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- The AA warns that petrol is set for to increase by approximately 90 cents a litre, diesel by some 66 cents, and illuminating paraffin by around 62 cents – even before increases to levies are taken into account.
- The association was commenting on unaudited mid-month fuel price data released by the Central Energy Fund.
- Either the rand or international oil prices would require a sharp reversal if the picture is not to deteriorate further by month-end.
Expect “extremely high” fuel price increases at the end of March, going into April, the Automobile Association (AA) warned on Monday.
The AA was commenting on unaudited mid-month fuel price data released by the Central Energy Fund.
The AA explained in a statement that steepening climbs in international petroleum prices are being worsened by a dipping rand/US dollar exchange rate. Furthermore, fuel levy increases will contribute to these expected high increases in fuel prices.
“As things stand today, petrol is set for a 90 cents-a-litre rise, diesel for an increase of 66 cents, and illuminating paraffin an increase of 62 cents,” the AA said.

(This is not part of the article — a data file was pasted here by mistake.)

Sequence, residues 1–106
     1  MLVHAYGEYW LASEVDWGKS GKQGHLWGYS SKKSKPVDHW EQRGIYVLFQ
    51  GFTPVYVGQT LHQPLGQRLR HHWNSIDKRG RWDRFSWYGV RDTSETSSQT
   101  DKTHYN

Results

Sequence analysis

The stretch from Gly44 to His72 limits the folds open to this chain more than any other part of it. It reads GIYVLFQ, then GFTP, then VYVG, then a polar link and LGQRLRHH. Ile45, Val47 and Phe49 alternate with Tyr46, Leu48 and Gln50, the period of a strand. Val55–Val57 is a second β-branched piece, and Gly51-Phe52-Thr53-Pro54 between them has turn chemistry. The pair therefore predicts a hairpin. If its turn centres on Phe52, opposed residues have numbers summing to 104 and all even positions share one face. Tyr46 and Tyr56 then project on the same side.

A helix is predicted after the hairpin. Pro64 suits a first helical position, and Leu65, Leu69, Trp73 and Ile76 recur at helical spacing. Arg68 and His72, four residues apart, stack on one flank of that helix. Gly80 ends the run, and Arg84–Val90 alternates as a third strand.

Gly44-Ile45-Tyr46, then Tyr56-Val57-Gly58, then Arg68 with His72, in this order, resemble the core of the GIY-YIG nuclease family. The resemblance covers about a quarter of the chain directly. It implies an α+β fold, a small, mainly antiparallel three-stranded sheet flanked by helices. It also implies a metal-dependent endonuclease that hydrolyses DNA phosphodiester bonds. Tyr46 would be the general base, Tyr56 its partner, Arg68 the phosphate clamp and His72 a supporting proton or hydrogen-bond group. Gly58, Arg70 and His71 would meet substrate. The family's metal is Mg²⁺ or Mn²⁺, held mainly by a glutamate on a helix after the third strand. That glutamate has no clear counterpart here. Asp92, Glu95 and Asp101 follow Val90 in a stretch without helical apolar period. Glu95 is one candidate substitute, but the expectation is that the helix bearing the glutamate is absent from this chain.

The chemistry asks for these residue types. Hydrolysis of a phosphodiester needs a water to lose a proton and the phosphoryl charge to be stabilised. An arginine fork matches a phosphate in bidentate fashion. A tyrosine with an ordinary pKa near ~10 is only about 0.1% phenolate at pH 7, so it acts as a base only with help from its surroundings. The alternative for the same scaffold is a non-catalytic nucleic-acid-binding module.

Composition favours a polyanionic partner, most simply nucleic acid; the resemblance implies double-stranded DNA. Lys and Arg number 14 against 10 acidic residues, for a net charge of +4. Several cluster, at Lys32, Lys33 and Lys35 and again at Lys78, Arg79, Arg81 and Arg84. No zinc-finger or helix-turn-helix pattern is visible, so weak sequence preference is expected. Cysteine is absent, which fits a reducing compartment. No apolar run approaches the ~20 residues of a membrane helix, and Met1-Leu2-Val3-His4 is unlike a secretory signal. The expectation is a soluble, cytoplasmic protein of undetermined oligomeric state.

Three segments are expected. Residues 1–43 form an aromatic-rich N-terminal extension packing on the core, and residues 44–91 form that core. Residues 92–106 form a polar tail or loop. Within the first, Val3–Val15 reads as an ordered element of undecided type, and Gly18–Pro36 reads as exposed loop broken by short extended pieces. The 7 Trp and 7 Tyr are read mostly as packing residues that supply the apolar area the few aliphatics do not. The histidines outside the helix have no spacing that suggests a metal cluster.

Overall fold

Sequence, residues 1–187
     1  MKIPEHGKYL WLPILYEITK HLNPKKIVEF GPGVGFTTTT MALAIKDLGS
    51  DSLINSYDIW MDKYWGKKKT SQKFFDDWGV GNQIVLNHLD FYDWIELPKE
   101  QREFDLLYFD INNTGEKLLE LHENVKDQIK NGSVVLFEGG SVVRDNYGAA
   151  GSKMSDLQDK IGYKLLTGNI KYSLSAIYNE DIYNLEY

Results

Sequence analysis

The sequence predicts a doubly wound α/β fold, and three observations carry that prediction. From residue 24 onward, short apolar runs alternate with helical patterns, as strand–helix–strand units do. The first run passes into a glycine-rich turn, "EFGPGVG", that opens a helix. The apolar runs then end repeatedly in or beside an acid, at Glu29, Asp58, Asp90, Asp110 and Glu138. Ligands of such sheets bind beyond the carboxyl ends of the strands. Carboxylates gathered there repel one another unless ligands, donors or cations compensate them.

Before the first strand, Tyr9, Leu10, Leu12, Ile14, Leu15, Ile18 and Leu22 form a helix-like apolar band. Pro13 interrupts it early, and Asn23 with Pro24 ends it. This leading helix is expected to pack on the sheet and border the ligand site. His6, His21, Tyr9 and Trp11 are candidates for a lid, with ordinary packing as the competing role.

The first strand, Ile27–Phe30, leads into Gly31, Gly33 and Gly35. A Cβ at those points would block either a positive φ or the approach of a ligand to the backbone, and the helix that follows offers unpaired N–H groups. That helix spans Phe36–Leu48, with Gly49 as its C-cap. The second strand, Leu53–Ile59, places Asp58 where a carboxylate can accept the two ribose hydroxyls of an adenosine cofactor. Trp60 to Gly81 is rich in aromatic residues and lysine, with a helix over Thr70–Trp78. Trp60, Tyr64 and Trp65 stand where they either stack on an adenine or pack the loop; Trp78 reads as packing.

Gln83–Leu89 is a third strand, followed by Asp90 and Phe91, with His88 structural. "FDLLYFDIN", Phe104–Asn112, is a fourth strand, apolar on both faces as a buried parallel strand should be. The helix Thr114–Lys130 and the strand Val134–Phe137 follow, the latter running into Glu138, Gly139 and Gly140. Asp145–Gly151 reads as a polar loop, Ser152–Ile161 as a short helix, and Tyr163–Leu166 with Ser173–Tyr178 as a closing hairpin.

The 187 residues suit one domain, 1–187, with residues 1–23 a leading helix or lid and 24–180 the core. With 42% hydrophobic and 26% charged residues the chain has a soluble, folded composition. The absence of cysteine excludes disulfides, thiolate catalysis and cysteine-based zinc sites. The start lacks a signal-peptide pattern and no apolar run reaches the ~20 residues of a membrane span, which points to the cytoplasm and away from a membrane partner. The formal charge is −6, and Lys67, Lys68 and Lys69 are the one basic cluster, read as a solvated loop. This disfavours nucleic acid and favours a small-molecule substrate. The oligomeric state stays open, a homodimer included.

These expected increases do not include the 26-cents a litre increases to the General Fuel and Road Accident Fund levies (excluding the one cent increase to Carbon Tax) announced by Minister of Finance Tito Mboweni in his Budget 2020. These come into effect in April.
“Within the current scenario, with the addition of the levies, petrol is expected to increase by a whopping R1.16 a litre and diesel by 92-cents a litre,” said the AA.
With the expected increases factored in, a litre of 95 ULP Inland (currently at R16.32/l) will now cost R17.48/l of which R6.10 will be taxed through the GFL and RAF. This means that at least 35% of the cost of a litre of this petrol will be taxed.
The price of diesel (currently pegged at R14.12/l) will increase to R15.04 of which R5.96 (including increased levies) will be taxed – at least 40% of the total cost.
“Either the rand or international oil prices would require a sharp reversal if the picture is not to deteriorate further by month-end,” the AA said, adding that government can “no longer ignore the knock-on effects of severe fuel price rises.”
“The cost is not only direct, but throughout the value chain, and is battering consumers from all sides. It requires urgent review to help ease pressure on consumers who are battling to stay financially afloat.”